Ayo, let’s dive into Victoria Monét’s joint “Alright,” where she’s flexing on an experience that’s all too familiar in the game of modern love and relationships. Right from the jump, the song slaps us with an unapologetic declaration of independence. Monét ain’t the one to get twisted over a dude who thinks he’s the be-all and end-all just because they shared a bed. Her vibe? She’s feeling herself, and no man’s about to anchor her down or cloud her shine.
Now let’s break it down, bar for bar. “He gave me some dick in bed, Now he think his dick is embedded”—sis is keeping it a buck with us, saying just because they hooked up, this cat believes he’s got a permanent spot in her life. That’s a negative. She’s straight up ghosting his texts, putting him on blast that she’s seen his message but it’s not even worth her time. Victoria’s essence here is about empowerment—she’s calling the shots, and she’s not here for his ego trip. This is all about flipping the script on that hook-up culture.
When she’s talking about making “niggas feel a way,” she’s highlighting her power to leave these dudes in their feelings, all twisted up, simply because she’s not playing by their rules. “Might not even hit you when I’m in your city” is her throwing shade like it’s sunny, telling him not to hold his breath for a sequel. And when it comes to “Thought you was about to get some foreplay with me? You won’t even get a picture of these 4K titties,” Monét is bringing heat, saying that this guy’s not only cut off from the physical but he can’t even fantasize on it—she’s got him blacklisted.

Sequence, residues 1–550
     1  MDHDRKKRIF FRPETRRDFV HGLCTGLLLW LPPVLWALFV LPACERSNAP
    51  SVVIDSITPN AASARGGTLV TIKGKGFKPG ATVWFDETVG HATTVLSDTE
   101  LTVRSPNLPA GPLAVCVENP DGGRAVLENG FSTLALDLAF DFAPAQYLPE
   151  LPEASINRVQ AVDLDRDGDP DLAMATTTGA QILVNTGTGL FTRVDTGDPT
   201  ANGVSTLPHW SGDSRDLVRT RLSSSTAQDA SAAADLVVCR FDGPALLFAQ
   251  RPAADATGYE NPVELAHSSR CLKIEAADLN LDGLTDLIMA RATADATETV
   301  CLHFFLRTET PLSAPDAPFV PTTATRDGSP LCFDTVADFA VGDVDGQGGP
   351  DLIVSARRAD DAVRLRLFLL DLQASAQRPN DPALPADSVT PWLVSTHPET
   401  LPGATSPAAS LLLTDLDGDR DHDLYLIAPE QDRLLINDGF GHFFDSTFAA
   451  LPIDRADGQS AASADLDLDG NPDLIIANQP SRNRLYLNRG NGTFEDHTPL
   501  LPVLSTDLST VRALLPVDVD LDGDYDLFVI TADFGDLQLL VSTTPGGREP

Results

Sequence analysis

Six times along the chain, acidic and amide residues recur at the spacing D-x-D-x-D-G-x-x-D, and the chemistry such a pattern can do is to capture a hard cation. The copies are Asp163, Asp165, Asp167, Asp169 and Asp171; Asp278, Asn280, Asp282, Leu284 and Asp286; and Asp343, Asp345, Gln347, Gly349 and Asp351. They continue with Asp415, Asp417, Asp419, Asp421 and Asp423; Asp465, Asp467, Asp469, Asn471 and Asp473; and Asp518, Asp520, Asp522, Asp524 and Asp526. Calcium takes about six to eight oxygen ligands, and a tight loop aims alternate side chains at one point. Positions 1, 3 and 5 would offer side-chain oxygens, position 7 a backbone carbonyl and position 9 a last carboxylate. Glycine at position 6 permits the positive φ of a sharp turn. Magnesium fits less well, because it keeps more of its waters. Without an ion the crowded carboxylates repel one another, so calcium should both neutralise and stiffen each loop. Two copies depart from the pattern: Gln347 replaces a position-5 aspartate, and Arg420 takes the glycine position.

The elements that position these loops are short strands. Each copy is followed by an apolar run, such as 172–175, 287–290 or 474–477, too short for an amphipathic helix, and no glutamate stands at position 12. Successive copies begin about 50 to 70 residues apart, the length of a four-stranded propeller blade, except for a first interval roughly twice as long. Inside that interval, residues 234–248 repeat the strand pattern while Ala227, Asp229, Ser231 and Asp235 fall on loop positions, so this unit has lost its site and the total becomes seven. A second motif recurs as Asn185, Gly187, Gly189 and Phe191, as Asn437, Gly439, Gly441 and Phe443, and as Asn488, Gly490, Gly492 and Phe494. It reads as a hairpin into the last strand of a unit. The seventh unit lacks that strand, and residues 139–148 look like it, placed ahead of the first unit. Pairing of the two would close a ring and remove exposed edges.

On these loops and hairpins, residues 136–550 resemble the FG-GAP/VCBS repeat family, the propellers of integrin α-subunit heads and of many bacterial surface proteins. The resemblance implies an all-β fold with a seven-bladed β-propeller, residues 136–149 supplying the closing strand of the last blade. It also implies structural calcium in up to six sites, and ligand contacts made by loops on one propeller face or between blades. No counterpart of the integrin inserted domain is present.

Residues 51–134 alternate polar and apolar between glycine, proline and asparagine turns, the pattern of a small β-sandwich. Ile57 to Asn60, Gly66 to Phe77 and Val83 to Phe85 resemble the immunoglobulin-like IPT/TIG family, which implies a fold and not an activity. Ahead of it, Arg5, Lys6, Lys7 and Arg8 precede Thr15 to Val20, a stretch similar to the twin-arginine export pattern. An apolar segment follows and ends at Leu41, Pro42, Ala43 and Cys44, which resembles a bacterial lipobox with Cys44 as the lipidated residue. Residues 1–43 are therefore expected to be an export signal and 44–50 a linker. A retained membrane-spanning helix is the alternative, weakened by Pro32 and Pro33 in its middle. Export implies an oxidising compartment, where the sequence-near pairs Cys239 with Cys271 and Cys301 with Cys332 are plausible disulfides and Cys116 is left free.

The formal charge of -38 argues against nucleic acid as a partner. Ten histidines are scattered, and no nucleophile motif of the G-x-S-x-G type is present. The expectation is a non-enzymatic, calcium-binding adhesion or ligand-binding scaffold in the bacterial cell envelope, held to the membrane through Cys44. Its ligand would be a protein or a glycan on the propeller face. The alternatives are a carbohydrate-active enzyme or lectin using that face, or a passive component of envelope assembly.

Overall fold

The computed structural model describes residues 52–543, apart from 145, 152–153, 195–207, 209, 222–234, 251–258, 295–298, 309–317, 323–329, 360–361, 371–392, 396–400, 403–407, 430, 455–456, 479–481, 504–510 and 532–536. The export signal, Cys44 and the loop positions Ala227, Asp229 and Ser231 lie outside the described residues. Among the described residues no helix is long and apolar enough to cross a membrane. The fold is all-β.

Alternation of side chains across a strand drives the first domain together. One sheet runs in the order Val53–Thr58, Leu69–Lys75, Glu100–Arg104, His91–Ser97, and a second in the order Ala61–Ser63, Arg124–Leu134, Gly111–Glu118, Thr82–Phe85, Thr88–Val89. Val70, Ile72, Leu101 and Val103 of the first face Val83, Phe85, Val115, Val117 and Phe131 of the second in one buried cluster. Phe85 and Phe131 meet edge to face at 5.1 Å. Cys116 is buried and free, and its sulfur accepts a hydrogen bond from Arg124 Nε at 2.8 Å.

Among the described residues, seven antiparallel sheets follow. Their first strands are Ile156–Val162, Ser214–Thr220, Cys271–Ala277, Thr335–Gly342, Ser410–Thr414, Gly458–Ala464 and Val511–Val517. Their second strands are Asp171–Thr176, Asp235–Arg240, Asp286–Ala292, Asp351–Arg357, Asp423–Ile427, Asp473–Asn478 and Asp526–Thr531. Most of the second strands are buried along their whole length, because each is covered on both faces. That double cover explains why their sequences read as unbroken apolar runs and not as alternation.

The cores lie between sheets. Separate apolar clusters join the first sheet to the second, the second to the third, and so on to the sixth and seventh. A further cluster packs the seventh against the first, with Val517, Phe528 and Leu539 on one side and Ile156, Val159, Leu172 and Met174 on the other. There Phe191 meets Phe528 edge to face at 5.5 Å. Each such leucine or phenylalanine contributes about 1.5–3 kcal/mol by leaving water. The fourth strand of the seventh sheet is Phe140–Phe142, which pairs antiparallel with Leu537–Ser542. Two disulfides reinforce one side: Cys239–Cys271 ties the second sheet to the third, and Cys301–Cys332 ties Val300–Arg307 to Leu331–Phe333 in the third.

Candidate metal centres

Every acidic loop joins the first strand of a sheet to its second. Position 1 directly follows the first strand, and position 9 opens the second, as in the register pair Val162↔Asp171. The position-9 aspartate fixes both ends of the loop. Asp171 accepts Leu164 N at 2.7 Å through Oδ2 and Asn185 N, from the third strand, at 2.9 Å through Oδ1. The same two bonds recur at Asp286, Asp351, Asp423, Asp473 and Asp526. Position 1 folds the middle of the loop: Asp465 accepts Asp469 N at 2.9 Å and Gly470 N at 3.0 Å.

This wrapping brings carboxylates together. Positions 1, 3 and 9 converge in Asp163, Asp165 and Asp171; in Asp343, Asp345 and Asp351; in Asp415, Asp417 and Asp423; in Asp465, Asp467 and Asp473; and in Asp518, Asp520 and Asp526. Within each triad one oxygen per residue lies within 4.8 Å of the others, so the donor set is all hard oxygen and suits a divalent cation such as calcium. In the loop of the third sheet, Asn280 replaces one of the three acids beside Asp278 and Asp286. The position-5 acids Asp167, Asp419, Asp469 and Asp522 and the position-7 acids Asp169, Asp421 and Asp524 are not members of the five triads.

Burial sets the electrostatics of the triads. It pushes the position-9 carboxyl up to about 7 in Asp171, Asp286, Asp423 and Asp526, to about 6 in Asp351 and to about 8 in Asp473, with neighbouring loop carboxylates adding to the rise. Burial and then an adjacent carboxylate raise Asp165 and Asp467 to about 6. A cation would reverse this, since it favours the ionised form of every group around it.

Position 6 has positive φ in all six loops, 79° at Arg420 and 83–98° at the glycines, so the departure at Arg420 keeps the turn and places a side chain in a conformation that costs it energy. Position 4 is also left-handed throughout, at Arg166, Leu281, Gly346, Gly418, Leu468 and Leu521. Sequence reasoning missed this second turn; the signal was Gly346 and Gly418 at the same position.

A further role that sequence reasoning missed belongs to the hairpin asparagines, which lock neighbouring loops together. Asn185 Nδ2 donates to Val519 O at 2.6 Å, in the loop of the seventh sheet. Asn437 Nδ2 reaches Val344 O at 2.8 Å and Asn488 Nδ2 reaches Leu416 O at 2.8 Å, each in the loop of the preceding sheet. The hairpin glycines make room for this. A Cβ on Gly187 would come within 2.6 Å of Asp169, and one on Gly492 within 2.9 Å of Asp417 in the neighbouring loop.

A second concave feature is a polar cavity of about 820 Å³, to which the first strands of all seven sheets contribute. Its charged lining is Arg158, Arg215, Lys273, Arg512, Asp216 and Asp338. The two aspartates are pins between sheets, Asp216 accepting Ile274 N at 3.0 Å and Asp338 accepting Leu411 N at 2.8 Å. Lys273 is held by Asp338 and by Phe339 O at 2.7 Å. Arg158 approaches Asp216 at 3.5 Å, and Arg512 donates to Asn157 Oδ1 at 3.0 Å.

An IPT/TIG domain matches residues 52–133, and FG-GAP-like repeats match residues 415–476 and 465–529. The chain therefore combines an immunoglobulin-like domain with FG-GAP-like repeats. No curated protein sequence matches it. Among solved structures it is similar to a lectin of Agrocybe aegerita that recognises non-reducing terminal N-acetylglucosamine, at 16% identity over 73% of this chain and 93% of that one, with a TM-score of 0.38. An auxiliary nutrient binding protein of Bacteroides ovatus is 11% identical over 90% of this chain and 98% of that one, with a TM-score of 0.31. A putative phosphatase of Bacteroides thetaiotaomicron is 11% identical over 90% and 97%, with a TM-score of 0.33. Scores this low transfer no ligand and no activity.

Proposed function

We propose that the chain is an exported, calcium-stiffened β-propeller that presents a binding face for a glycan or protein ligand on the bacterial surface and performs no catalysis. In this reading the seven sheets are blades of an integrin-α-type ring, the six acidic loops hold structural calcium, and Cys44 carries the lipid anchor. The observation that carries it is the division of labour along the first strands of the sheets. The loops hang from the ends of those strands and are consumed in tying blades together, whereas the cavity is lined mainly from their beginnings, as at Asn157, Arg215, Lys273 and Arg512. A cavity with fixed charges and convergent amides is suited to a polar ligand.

The hook, “I’m gon’ be on my shit tonight, No one on my hip tonight” is all about Victoria doing her and doing it big, unattached and unbothered, living her best life. She’s strutting into the night with that energy that everything’s “Alright,” fully liberated and in control. The repeated affirmations of “Alright” serve as her mantra—she’s good, regardless of any drama or nonsense that’s trying to kill her vibe.
Then, Monét flips the narrative in “Once he think he touched my soul, I’ll be back out here solo.” She’s schooling these fellas that catching feels or thinking they’ve got her locked down is a rookie mistake. She’s her own woman—always has been, always will be. Dudes might resort to calling her out of her name, labeling her a “ho,” but she’s reclaiming that noise, redefining it as “immortal.” It’s a powerful re-up, turning disrespect into a testament of her enduring spirit and unshakable confidence.
As the song closes with the vibes of “Tonight, tonight, tonight,” the repetition’s like a chant, a spell being cast for a night that’s promised to pop off in pure bliss. Each “Alright” is a brick in the fortress of her self-assured kingdom. Victoria Monét ain’t asking for permission or seeking validation. She’s telling us, with every note, that she’s her own woman, owning her pleasure, her choices, and her peace. And that’s the gospel according to Monét—preached, choir! Mic drop.